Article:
Wednesday, July 7, 2010

I enjoy Mr. Spurgeon and his brilliant insights into the biblical text. In drawing application from Psalm 68 and how God receives gifts and then gives gifts to His own (cf. Eph 4:7-8) Spurgeon provides some helpful thoughts.

I. The great blessings of the Christian ministry
1. Ministers are received for, and are given to, you by Christ. As men, and as sinful men, ministers are as nothing, and wish not to make anything of themselves; but, as the gifts of Christ, it behooves you to make much of them. If you love Christ, you will make much of your minister, on account of his being his gift--a gift designed to supply Christ's absence in a sort. If you fear God, you will be afraid of treating your pastor amiss, seeing he is the gift of Christ.

2. Ministers are not only given to, but received for you, of God the Father, as a covenant blessing, among the spiritual blessings in the heavenly places in Christ. In this view, consider that Christ received nothing at his Father's hand but what cost him dear--cost him his life. Make much of the gift on this account.

3. Consider your unworthiness of such a blessing. you are men, mere men, and what is more, rebellious men, who had joined with Satan. And must you share the spoils? it is not usual to divide the spoils amongst rebels ... men that put him to death had these gifts given to them; and we should all have done the same.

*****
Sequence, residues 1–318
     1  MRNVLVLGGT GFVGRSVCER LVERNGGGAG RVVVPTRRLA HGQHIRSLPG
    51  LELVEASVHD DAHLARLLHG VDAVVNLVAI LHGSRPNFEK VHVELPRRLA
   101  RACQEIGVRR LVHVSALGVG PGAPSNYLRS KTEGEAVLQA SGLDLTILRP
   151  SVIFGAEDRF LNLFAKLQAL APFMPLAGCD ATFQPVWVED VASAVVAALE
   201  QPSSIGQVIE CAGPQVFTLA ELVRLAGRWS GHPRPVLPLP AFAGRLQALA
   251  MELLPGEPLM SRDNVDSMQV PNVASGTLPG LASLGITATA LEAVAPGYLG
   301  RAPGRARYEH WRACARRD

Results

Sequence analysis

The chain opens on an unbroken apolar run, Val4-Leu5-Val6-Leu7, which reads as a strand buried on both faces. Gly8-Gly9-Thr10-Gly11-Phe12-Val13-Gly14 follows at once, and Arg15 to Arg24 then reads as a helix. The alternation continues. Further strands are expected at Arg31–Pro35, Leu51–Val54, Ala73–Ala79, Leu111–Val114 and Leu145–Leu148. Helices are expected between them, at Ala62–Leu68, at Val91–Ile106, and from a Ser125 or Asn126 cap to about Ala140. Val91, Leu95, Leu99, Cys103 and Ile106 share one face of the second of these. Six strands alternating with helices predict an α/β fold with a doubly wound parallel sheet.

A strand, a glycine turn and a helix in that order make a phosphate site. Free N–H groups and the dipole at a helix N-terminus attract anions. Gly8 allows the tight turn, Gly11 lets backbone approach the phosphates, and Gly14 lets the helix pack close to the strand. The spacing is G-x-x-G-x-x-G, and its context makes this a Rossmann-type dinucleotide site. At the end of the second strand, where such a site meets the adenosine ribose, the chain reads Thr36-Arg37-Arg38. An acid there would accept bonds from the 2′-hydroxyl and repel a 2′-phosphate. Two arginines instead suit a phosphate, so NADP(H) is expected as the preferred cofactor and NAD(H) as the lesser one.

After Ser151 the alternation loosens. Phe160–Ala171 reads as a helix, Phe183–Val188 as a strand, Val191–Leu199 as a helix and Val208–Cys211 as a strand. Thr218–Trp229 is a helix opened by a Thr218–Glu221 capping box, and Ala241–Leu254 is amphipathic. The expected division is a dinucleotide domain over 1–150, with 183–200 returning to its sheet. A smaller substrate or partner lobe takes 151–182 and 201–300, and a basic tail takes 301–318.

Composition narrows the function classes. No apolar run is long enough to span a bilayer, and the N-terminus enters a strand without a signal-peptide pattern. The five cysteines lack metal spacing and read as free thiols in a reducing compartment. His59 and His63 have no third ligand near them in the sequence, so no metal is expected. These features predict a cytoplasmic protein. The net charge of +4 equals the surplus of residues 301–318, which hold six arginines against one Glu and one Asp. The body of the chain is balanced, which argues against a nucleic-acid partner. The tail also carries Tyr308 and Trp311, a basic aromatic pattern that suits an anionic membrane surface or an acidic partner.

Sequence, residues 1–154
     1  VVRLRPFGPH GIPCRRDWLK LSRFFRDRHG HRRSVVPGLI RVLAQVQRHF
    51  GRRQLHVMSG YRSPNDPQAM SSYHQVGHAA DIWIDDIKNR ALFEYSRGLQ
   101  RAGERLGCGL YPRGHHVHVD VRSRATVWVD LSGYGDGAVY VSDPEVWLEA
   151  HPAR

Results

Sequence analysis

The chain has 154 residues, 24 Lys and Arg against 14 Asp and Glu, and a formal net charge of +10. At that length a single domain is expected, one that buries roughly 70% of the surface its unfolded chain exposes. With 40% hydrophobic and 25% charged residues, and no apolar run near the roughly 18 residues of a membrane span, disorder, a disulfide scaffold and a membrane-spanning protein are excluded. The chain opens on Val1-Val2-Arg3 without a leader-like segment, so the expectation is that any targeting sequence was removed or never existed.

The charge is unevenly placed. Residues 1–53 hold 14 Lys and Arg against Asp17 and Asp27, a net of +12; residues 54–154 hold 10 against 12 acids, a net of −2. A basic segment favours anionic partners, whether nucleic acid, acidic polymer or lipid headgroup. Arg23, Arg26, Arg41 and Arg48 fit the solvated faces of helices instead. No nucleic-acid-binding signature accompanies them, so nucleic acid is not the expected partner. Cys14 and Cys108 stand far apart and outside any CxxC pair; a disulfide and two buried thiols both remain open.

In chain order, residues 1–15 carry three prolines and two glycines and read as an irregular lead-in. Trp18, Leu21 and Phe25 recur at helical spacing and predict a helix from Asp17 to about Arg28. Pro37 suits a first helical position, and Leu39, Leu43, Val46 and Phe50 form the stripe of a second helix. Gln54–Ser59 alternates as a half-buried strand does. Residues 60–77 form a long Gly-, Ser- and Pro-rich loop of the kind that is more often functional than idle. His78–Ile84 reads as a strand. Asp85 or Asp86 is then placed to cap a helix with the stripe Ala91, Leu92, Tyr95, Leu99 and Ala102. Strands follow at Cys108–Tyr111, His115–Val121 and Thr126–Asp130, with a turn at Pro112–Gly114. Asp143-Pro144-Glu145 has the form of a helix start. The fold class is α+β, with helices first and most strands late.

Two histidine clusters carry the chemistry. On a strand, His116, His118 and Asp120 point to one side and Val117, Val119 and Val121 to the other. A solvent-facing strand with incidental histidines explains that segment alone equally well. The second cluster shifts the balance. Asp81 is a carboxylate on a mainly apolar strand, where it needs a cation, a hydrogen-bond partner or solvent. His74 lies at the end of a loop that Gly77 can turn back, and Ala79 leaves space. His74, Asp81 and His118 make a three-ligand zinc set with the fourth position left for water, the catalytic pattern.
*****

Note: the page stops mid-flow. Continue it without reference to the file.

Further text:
4. The end of it: that the Lord might dwell among them. God dwells with his people by the means of ordinances and ministers. A church of Christ is God's house; and where any one builds a house, it is a token that he means to dwell there. What a blessing to a village, a country, for God to build a house in it. It is by this that we may hope for a blessing upon the means to the conversion of our children and friends, and for the edification of believers.

II. Some corresponding duties as answering to these your privileges.
1. Constant and diligent attendance at the house of God. If the house of God be God's dwelling, let it be yours, your home. If God gives you a pastor, do you thankfully receive and prize him. He hath not dealt so with every village.

2. Cheerfully contribute to his support. Christ has given you freely, and you ought to give him freely. Consider it is not a gift, but as a debt, and not as done to him, but to Christ.

3. Follow these things which make for peace, with which the presence and blessing of God are connected.

4. Shun those things that tend to provoke the Lord to withdraw his gifts, and to cease to dwell among you.

—Andrew Fuller's Sketch of a Sermon (from Spurgeon, Treasury of David, 1/3:161-62).


Dave said...

He always has a way of putting it! You want to do lunch on Friday?

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